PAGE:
Events are often one of the biggest marketing expenses. If this is the case, why do so few of us measure the real impact of these initiatives?
According to Event MB, 85% of event planners use event registration software, 61% use event marketing tools, and 54% use survey tools. While this is promising, these tech stacks can often lead to uncertain attribution models that fail to calculate the true ROI of events.
In this article, I’ll share an ROI attribution model that will help you accurately measure the results from your events. It all begins with assigning the right metrics to your goals.
Attaching Metrics to Event Goals
Before looking at the metrics and tools needed to measure success, you must have a clear vision on the outcome you want to achieve from your events.
Setting marketing goals is nothing new. But it’s worth mentioning here, as event goals can vary depending on the shape and format of your event. For example, a workshop that accepts only a dozen or so people will have vastly different outcomes to a 2,000-attendee conference.
The best goals are specific, but that doesn’t mean you should only choose one. Yes, you need a primary goal, but secondary outcomes usually come as an added bonus (whether you intend them to happen or not).
Why not implement them into your plan from the very beginning for the best results possible? This way, you can split your goals into two buckets:
- Objective results: The measurable impact your event had on the business.
- Subjective results: Outcomes such as brand recognition, engagement, and customer relationships. Harder to measure, but still contribute to your ROI.
Here, I’ll outline the most common event marketing goals and the metrics attached to them.
Generating Brand Awareness
Starting at the top of the funnel, events can be an effective method of driving brand awareness with your audience and industry as a whole. Awareness goals include:
- Event registrations
- Presence on social media
- Media coverage
- Direct website traffic
Event registrations are, of course, the lifeblood of your event marketing, and should be a leading KPI for how well you’re performing. With these goals in mind, it’s time to apply some metrics. These include:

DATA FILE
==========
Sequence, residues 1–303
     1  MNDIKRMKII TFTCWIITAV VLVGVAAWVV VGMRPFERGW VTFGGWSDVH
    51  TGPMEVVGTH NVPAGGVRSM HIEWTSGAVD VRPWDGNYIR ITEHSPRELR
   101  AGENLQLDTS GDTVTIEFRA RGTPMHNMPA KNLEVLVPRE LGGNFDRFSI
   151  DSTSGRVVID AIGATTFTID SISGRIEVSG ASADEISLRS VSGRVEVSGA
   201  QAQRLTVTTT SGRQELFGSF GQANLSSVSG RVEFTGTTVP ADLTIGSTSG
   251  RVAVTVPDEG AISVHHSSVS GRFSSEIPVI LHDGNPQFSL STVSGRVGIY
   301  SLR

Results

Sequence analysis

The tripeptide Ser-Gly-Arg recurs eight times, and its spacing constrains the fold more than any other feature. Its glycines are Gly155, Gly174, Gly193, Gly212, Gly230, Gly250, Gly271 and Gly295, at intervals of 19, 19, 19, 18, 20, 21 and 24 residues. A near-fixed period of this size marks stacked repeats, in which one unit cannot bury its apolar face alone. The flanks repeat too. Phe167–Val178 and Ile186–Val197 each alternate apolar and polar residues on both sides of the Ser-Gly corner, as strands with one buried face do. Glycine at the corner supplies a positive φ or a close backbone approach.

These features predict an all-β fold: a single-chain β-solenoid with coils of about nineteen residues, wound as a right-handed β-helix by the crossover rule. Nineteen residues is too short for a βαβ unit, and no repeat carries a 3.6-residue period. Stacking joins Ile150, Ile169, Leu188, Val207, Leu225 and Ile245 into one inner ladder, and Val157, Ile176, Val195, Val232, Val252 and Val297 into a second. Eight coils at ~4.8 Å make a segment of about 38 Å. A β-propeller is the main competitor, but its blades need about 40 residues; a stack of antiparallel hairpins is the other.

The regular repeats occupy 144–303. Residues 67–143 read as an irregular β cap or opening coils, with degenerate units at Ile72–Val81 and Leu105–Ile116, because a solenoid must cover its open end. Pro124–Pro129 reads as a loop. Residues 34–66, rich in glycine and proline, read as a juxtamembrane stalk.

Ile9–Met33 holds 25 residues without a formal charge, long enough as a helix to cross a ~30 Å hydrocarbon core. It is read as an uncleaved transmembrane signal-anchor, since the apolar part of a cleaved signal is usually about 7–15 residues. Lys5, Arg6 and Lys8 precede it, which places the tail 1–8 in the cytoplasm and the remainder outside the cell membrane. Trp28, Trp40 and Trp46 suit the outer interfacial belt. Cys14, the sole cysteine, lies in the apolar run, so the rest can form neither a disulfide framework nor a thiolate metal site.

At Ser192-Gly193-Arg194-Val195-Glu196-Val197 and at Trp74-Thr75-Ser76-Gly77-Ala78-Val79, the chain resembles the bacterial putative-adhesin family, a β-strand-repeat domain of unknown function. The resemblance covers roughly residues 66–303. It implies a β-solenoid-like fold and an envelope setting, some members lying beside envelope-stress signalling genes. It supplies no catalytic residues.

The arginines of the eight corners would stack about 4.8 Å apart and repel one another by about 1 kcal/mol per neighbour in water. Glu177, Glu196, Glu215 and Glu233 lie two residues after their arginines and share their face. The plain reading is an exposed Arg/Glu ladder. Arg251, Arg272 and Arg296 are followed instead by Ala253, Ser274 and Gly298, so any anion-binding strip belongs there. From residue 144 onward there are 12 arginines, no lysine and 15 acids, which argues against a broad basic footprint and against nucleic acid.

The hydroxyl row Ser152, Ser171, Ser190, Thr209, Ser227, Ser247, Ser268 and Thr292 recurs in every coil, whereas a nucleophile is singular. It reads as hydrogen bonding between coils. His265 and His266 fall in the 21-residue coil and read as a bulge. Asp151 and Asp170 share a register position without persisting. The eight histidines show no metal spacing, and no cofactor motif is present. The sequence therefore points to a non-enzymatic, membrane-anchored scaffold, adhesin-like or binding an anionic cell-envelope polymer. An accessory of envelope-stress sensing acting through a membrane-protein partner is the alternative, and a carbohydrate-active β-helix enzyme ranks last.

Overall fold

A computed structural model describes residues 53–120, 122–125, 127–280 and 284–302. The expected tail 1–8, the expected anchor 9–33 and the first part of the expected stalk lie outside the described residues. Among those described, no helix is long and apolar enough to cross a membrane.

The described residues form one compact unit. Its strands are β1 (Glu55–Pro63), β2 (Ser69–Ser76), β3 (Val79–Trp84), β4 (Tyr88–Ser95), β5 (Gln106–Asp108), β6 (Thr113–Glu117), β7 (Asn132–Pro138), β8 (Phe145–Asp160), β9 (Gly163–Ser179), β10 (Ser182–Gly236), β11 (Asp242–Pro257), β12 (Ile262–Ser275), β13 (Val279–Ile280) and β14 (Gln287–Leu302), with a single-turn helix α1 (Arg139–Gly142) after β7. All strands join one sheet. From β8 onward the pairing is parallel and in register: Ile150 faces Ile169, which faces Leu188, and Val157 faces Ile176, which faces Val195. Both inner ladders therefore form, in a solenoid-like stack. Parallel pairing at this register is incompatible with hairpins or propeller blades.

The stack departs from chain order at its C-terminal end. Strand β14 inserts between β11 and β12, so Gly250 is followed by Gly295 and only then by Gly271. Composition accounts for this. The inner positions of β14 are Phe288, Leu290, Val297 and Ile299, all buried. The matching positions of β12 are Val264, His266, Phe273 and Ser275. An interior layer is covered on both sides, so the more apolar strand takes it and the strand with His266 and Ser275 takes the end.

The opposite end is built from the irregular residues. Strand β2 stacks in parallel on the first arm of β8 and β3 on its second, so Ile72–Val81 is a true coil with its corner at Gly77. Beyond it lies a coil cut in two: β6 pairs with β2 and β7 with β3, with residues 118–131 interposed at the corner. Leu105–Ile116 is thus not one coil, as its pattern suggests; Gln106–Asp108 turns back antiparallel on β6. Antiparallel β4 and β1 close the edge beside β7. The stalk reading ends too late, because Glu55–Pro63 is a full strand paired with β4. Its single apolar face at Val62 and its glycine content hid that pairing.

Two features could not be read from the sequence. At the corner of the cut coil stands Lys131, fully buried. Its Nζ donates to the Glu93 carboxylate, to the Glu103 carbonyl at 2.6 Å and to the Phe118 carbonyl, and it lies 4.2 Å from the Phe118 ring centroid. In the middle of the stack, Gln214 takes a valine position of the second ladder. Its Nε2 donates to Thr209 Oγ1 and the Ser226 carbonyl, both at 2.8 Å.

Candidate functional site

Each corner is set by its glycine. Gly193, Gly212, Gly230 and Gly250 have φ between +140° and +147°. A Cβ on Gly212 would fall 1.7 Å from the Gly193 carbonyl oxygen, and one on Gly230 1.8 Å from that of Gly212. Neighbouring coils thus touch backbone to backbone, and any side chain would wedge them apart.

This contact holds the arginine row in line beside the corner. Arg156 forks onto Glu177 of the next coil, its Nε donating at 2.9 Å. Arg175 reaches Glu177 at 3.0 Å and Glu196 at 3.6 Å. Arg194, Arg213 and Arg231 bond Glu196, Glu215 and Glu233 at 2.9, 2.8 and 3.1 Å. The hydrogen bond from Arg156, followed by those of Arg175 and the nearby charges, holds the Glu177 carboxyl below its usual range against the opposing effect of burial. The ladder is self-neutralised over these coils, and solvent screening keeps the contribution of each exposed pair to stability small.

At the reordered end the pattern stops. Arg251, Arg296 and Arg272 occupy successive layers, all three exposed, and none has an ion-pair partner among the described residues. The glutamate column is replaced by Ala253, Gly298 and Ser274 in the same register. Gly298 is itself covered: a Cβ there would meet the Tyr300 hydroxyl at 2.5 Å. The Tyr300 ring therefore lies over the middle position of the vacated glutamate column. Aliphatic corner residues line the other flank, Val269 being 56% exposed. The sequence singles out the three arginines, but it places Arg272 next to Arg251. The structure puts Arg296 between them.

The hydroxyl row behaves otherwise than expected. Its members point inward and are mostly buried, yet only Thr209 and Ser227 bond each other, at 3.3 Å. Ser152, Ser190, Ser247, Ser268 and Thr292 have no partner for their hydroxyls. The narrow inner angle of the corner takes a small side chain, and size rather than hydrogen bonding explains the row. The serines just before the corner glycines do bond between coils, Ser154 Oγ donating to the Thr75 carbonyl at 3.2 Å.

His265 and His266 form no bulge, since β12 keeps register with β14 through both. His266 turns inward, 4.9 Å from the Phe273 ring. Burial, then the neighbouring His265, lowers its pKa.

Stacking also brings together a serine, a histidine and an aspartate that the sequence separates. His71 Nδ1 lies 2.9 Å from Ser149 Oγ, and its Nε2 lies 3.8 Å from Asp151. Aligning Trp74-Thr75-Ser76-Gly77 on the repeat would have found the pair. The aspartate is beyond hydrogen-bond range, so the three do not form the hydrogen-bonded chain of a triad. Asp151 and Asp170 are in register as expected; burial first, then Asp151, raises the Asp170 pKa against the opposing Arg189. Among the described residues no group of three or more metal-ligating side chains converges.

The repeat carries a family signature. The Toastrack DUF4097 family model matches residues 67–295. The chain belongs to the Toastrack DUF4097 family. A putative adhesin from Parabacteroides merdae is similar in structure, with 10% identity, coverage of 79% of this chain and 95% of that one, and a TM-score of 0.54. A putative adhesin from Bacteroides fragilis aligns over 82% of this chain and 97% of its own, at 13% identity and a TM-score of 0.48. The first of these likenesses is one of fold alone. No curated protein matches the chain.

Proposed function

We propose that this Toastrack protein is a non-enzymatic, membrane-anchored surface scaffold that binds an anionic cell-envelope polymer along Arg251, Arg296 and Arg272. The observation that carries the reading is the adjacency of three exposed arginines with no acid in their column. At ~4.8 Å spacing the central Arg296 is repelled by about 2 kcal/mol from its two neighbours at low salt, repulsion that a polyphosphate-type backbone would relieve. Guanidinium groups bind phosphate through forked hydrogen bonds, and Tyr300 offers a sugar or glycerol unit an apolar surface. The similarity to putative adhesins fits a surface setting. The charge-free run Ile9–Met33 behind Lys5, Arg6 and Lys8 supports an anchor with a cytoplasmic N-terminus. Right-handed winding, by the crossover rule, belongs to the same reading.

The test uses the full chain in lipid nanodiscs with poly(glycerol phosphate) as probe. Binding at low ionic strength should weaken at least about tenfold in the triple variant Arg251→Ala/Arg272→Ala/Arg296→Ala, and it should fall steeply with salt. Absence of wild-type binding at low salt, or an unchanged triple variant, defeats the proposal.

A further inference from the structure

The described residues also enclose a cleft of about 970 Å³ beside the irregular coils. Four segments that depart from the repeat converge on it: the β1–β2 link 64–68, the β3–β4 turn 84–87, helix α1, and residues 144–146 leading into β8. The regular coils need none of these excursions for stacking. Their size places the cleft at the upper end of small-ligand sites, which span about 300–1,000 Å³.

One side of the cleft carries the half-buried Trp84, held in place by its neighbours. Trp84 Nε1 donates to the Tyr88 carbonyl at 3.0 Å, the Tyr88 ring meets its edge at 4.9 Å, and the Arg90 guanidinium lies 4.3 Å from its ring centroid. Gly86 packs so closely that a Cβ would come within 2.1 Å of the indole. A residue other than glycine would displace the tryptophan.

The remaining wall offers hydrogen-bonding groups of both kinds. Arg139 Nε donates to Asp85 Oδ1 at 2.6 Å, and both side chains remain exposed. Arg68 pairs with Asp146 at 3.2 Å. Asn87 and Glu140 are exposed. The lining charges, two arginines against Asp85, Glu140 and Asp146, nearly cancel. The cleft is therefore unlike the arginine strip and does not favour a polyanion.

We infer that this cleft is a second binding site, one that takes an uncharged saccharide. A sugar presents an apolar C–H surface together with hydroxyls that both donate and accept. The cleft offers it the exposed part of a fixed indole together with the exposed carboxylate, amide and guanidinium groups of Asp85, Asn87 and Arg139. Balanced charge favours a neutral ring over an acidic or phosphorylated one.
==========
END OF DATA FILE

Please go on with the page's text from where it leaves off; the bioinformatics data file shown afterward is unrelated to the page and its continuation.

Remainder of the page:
- Number of registrations
- Reach on social media
- Social media engagement
- Mentions in online media
- Attributed website visits
Measuring Engagement During Your Event
How are you going to measure the level of engagement at your event? While this outcome can often seem “fluffy,” there are several ways to do it. These goals include:
- Session attendance
- Session engagement
- Event app engagement
- Social media engagement
Engagement metrics provide a litmus to measure how attendees are enjoying your event. Metrics for measuring these goals include:
- Live poll responses
- Questions asked during sessions
- Event app downloads and sessions
- Mentions of company and event hashtag on social media
These goals are important for any event manager. They help you figure out what works well, what doesn’t and what needs fixing in real time. These metrics allow you to address unhappy attendees and improve your event in the future.
Acquiring Customers & Educating Your Audience
Goals that fit under the umbrella of “education” bridge the gap between awareness and ROI-driven goals (such as sales and lead generation).
Attendees are often looking for events where they can sharpen their skills and learn about new technologies. These technologies can include your own product.
Education- and acquisition-driven goals include:
- New customer acquisition
- Customer satisfaction
- Customer retention
- Partner engagement
- Partner satisfaction
Metrics for these goals will seem obvious, and include the following:
- Direct purchases
- Software trials and demos
- Samples given out
- In-event surveys
- Post-event NPS survey
As you can see, these metrics are designed to measure several stages of the sales cycle before and during an event. Even the post-event NPS survey is designed to gauge how much value attendees got from your event.
3 Tools & Methods to Measure Event Marketing Success
With these goals and metrics defined, you can now effectively measure the overall ROI of your event marketing.
ROI is considered the holy grail of all marketing metrics. But how do you measure it effectively? It all starts by capturing the right data at all stages of the event marketing funnel.
Here, we’ll dive into three different tools that you can use to measure the performance of your events in real-time (and after the fact).
1. Get Attendee Insights with Event Surveys
Generating insights from attendees is best collected during the event itself. For example, if you want to ask what your attendees thought of a speaker, you can get them to fill out a survey right after they’ve attended. This way, you’ll collect accurate data to inform future session choices.
Uncover insights such as how much they enjoyed the session and how long they spent there. You can also ask them which topics they wish you covered. This can help direct your future event strategy, not to mention your content marketing efforts.
Marketers who take the time to respond to these surveys are usually engaged and invested. They’re more likely to convert into leads. These people should be qualified and scored accordingly.